University chosen for USAID global communication project
Ohio University has been named a partner in a multimillion-dollar effort that will affect the way agencies, media and citizens use communication to improve health and development worldwide.
The United States Agency for International Development (USAID) recently announced that the university was selected as one of seven North American partners in the new Partnership for Health and Development Communication to be led by the Academy for Educational Development (AED). The program will work throughout the developing world, with a major focus on Africa.
The three-year partnership will focus on challenges in health communication, including family planning and reproductive health, HIV/AIDS prevention, maternal and child health, tuberculosis, malaria and avian influenza. It also will address issues involving the environment, civil society, and democracy and governance. The partnership, which has a funding ceiling of $175 million, may extend an additional two years.
"This is not just about USAID funding public-education campaigns," said Margaret Parlato, senior vice president and director of the AED Global Health, Population, and Nutrition Group. "Our task is to help countries incorporate very powerful communication approaches into the way they fight some of their most difficult battles -- whether it is HIV/AIDS, rapid population growth, pollution or conflict between different ethnic groups."
The program will build capacities in local media, advertising and research firms, universities and nongovernmental organizations. It also will work with government agencies to strengthen relations with the media and improve the effective use of strategic communication to influence change and improve practices at a population level. As the primary university partner, Ohio University will work with universities, government ministries and development agencies to provide training and skills in health and development communication.
Other North American partners include CARE International, Internews, the University of Washington's HIV/AIDS Unit, the Communication for Social Change Consortium, the Communication Initiative, and the research and design firm IDEO. Overseas partners include Soul City and Social Surveys in South Africa, Straight Talk in Uganda, and the Center for Media Studies and New Concept Information Systems, both in India.
"As the university and capacity-building partner of this consortium, we expect to play a substantial role," said David Mould, associate dean for research and graduate studies. "Ohio University has a great network of partnerships with universities in the developing world and alumni in many countries. We hope to work with many of them in the projects we'll be undertaking."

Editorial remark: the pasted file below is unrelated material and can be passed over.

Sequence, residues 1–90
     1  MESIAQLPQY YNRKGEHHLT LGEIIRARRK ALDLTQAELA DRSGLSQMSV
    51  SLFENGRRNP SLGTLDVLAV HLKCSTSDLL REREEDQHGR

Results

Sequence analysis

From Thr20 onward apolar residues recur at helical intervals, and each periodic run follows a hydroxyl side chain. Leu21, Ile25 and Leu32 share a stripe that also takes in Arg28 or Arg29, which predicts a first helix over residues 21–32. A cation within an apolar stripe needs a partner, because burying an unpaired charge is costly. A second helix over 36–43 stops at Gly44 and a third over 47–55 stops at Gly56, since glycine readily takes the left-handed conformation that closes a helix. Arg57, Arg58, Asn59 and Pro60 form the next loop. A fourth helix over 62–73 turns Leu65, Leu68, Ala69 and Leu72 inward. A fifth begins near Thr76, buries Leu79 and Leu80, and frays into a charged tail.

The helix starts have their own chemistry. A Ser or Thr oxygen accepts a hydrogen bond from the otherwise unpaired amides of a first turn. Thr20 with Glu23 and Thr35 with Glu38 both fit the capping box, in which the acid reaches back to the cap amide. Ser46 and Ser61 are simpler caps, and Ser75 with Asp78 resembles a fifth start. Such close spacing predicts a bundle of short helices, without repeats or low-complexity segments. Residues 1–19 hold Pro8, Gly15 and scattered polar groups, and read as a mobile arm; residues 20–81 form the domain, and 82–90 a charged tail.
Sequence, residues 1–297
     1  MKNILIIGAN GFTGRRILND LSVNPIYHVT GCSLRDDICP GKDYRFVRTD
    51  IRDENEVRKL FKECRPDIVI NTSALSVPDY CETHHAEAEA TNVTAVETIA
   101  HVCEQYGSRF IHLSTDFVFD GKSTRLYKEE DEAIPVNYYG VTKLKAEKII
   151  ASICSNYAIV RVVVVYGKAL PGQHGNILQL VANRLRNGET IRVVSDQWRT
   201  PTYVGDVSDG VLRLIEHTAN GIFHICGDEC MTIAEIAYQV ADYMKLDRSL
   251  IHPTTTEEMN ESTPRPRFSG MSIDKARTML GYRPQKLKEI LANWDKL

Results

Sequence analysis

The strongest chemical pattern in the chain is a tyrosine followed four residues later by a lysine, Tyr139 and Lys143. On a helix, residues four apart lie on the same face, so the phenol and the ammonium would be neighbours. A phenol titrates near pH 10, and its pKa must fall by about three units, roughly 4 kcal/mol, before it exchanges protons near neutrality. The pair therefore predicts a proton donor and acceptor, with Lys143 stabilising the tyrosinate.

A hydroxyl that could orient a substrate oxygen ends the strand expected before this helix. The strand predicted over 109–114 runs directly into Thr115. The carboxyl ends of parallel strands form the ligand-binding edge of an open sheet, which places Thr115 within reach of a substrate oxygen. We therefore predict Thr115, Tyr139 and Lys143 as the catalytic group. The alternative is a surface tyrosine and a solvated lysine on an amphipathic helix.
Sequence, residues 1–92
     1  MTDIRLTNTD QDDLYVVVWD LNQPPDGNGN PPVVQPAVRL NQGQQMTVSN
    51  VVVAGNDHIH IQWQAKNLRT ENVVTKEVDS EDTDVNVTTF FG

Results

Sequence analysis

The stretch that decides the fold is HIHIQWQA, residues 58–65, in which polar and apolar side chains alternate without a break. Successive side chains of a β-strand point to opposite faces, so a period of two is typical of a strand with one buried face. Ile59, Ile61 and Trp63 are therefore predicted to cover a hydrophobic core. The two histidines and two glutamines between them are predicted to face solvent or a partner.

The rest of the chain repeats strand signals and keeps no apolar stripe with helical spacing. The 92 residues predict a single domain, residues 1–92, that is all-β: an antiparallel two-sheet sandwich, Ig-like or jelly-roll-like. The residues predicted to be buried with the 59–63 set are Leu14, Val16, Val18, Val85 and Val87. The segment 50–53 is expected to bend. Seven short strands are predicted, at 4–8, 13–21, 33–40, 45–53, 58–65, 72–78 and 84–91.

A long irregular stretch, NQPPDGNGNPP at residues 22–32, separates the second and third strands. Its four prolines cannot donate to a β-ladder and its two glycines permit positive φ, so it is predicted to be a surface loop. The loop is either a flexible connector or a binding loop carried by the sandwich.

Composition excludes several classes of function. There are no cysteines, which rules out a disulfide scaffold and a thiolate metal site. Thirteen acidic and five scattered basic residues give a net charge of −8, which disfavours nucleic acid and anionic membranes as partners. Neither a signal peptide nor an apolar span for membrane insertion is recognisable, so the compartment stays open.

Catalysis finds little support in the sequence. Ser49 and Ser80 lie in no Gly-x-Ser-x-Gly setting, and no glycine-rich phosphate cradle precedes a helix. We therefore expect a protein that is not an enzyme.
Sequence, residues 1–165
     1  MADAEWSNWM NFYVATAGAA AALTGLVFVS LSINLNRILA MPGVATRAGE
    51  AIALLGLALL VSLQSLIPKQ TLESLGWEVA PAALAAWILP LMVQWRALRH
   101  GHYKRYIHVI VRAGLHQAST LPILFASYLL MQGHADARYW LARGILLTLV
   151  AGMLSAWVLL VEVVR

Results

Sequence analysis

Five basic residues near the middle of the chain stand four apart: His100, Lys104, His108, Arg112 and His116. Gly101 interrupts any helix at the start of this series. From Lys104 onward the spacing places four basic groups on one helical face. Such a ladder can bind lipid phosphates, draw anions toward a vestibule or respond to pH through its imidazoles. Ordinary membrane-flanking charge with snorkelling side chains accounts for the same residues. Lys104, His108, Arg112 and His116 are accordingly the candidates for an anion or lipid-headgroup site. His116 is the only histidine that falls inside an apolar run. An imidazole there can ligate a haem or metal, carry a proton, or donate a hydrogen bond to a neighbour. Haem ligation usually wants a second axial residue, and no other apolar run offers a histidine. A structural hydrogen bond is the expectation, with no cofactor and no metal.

Most of the funding for projects will come from USAID country missions, so Ohio University's tasks will depend on individual country needs. One of the goals of the project is to effect positive change even after the project ends.
"Capacity-building activities will focus on the development of technical competencies within government institutions, local organizations, and university and training institutions in an effort to ensure that technical capacities will be sustained beyond the life of the project," said Rafael Obregon, director of the Communication and Development Studies Program in the Center for International Studies. "This also will require advocacy efforts to engage policy- and decision-makers to support project activities."
Faculty from the Scripps College of Communication and the Center for International Studies will contribute. Mould said faculty from other colleges may be called upon as additional needs are identified.
"Programs in the Scripps College of Communication have long been known for the ways in which they serve local, national and international communities," said Scripps College of Communication Dean Gregory Shepherd. "Our service to others and our research and creative activity for others distinguishes us from other programs. This grant is, in part, recognition of our expertise and reputation in this regard.
"It also fits well with the longstanding mission of Ohio University to serve the underserved, from rural Appalachia to Latin America, Africa and Southeast Asia," Shepherd said.
Ohio University so far has received $20,000 to cover project start-up costs.